Christopher D. Timmins is a Professor in the Department of Economics at Duke University, with a secondary appointment in Duke’s Nicholas School of the Environment. He holds a BSFS degree from Georgetown University and a PhD in Economics from Stanford University. Professor Timmins was an Assistant Professor in the Yale Department of Economics before joining the faculty at Duke in 2004. His professional activities include teaching, research, and editorial responsibilities. Professor Timmins specializes in natural resource and environmental economics, but he also has interests in industrial organization, development, public and regional economics. He works on developing new methods for non-market valuation of local public goods and amenities, with a particular focus on hedonic techniques and models of residential sorting. His recent research has focused on measuring the costs associated with exposure to poor air quality, the benefits associated with remediating brownfields and toxic waste under the Superfund program, the valuation of non-marginal changes in disamenities, and the causes and consequences of “environmental injustice”.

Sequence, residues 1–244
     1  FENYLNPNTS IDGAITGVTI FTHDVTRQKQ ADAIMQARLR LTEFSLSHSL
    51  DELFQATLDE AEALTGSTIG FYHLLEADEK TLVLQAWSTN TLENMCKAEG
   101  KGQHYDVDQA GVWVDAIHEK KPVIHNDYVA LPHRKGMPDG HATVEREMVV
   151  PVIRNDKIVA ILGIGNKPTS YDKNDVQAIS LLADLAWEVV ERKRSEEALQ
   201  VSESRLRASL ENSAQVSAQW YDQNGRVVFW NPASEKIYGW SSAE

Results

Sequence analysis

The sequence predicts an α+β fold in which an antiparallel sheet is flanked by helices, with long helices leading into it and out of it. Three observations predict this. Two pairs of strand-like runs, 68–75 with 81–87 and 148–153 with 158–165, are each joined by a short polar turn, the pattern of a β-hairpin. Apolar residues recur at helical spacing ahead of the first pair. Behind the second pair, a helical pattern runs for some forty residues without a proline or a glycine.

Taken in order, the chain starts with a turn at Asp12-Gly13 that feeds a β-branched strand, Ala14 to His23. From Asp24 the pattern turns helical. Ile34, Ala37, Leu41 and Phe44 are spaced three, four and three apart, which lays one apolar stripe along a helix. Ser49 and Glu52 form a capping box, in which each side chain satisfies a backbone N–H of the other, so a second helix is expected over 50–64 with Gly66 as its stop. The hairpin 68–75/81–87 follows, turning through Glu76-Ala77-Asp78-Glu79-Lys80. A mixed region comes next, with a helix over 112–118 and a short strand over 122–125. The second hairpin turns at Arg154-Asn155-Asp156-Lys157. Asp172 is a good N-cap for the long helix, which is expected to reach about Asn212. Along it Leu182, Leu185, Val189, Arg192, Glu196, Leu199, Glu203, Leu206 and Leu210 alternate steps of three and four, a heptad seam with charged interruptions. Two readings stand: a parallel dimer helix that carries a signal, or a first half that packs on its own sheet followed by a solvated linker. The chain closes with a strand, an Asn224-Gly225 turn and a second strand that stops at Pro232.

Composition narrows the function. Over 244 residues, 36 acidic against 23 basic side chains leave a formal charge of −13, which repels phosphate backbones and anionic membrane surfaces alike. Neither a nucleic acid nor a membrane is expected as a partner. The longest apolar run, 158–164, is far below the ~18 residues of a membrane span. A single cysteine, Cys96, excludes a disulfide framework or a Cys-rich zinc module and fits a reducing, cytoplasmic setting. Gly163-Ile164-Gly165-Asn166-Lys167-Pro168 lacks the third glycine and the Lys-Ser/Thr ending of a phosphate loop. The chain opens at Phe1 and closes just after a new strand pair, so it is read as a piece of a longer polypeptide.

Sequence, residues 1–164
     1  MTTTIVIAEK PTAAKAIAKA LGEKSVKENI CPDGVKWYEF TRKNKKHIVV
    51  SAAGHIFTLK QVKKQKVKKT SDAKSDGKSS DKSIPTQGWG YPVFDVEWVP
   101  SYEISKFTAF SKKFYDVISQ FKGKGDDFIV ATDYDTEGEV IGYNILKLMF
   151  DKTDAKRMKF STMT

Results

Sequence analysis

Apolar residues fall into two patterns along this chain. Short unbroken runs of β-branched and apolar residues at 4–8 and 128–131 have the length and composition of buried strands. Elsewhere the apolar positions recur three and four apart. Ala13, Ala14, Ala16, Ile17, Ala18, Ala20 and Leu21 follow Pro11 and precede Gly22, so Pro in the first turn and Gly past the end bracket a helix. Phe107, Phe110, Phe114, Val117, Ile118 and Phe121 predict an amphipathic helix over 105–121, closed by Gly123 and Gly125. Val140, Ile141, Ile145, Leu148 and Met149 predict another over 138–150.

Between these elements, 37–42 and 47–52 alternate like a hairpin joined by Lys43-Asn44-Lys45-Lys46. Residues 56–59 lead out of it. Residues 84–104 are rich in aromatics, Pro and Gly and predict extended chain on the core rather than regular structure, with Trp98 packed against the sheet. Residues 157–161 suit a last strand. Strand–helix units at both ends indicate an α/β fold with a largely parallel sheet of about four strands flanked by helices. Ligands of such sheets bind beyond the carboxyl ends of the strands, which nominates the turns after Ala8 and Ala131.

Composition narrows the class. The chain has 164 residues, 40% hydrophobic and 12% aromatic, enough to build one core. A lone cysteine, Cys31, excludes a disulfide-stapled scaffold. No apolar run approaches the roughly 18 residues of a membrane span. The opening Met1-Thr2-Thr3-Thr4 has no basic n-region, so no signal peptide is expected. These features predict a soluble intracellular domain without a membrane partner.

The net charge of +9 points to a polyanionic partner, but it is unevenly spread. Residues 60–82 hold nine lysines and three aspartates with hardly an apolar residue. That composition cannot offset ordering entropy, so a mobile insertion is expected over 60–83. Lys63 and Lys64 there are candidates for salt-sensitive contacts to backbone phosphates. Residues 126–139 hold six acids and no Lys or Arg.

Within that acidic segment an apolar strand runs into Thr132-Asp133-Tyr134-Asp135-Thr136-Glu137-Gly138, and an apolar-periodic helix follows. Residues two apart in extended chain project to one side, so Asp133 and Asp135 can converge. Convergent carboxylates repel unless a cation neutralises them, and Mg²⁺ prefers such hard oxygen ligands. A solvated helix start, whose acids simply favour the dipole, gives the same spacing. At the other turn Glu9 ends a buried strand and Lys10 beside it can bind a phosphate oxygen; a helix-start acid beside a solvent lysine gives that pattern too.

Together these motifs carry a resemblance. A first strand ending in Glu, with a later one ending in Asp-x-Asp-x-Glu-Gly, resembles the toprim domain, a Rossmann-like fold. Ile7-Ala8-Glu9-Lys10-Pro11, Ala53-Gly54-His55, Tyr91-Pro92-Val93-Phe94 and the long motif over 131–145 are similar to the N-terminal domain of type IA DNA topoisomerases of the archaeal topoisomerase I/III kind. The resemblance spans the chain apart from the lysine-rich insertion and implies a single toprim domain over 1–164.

Professor Timmins is a research associate in the Environmental and Energy Economics group at the National Bureau of Economic Research, and has served as a reviewer for numerous environmental, urban, and applied microeconomics journals. He served as a co-editor of the Journal of Environmental Economics and Management from 2010-2013, and was a co-editor and editor of the Journal of the Association of Environmental and Resource Economists from 2014-2020. In 2021, he was named a Fellow of the Association of Environmental and Resource Economics.